EVERETT — During his 31 years at Everett Community College, Larry Walker did things the right way.
Walker, a soft-spoken but insightful man with a dry sense of humor, succeeded in his jobs as the Trojans’ men’s basketball coach and athletic director because he treated people well, valued loyalty, honesty and hard work, and always had his student-athletes’ best interests in mind.
It’s virtually impossible to overstate the impact Walker has had on the Everett athletic department over the past three decades. In many ways, he built the department to what it is today. He’s been virtually synonymous with Trojans athletics for a long time.
“(Our) athletes go on in school and they enjoy their two years here,” he said. “It’s all about the athletes, and it’s always been about the athletes. You see that in our goals and objectives. We’re trying to make it a very positive, rewarding experience for the student-athlete, and we make sure that we’re holding them accountable.”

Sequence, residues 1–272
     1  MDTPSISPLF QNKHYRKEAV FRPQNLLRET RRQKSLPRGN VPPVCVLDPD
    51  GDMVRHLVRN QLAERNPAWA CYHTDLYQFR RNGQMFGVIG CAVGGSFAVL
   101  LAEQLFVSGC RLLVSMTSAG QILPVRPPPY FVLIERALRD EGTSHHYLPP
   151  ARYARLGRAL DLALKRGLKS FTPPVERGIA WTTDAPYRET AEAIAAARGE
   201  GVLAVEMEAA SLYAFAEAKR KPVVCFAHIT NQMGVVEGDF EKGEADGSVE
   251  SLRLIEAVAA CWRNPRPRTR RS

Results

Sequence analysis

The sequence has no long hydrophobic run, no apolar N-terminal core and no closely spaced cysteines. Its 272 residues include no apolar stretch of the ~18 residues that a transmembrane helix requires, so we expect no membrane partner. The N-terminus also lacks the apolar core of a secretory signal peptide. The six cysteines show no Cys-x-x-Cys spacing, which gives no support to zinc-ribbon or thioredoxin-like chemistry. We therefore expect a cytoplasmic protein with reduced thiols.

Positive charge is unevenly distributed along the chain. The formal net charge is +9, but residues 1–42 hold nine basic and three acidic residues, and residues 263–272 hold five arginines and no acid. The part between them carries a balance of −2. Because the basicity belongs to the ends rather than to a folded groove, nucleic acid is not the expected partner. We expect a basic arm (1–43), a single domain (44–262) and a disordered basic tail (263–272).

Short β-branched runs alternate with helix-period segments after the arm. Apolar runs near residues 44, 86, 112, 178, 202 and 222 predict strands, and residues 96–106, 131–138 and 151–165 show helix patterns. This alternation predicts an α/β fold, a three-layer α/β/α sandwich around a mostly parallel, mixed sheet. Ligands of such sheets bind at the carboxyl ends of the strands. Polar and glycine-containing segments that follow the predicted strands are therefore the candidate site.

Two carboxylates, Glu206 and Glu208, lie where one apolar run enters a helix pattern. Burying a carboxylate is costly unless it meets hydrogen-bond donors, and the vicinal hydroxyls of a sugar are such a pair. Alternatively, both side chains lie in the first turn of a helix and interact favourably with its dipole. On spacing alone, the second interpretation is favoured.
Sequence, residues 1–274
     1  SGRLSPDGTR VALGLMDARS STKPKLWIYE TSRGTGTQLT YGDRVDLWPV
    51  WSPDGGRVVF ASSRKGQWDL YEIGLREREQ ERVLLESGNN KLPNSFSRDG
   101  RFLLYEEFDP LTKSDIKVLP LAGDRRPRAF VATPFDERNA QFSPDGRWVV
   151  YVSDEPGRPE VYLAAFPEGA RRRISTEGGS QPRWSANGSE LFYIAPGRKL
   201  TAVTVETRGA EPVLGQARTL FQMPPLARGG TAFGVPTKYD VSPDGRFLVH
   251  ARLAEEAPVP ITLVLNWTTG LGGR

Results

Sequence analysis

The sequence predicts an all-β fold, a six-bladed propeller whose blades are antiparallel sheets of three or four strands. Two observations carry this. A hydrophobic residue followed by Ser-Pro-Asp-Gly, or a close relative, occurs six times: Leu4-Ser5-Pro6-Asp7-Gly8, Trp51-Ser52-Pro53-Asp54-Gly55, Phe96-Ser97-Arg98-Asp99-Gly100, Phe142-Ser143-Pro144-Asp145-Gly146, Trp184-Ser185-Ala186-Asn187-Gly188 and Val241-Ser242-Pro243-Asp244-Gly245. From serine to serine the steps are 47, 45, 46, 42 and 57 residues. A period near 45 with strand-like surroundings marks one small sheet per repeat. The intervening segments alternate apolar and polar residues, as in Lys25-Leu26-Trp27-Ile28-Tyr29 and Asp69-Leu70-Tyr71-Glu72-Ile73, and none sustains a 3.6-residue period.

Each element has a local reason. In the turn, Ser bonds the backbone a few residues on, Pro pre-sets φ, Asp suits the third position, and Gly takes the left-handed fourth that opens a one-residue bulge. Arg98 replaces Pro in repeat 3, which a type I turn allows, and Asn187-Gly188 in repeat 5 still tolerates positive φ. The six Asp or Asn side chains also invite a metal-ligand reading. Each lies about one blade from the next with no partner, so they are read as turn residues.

Earlier this year Walker announced that he’s retiring from both jobs; Tuesday will be his last day of work. He’s looking forward to spending more time with his wife, three children and seven grandchildren.
“He’s going to be hard to replace. I don’t think they make them like that anymore,” said Chet Hovde, Everett’s women’s basketball coach since 1988. “He was able to relate to (athletes), and they respected him. That (mindset) carried over to the coaches for the different programs here. He always had the coaches’ backs (as the athletic director). He’s extremely loyal.”
“Larry treats you like you are one of his family members. His caring ways, willingness to help and positive attitude is never ending,” said Tammy Dunn, the Snohomish County Sports Commission sports development director. “He loves to teach — whether on the basketball court or in life or within our community.”
Walker was born in South Dakota and grew up in south Seattle, graduating from Glacier High School. He then went to Highline Community College, where he played basketball, and Eastern Washington University, where he played football for one year.
He worked as a teacher/coach at Lewis and Clark High School in Spokane for 10 years before landing the Everett coaching job in 1985.